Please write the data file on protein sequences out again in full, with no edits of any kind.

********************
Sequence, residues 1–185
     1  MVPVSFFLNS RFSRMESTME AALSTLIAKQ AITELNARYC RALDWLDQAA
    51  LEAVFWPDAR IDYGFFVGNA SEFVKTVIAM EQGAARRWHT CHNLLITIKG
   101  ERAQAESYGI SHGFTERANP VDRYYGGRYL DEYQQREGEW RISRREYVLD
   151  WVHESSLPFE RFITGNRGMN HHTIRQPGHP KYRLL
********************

Sequence, residues 1–185
     1  MVPVSFFLNS RFSRMESTME AALSTLIAKQ AITELNARYC RALDWLDQAA
    51  LEAVFWPDAR IDYGFFVGNA SEFVKTVIAM EQGAARRWHT CHNLLITIKG
   101  ERAQAESYGI SHGFTERANP VDRYYGGRYL DEYQQREGEW RISRREYVLD
   151  WVHESSLPFE RFITGNRGMN HHTIRQPGHP KYRLL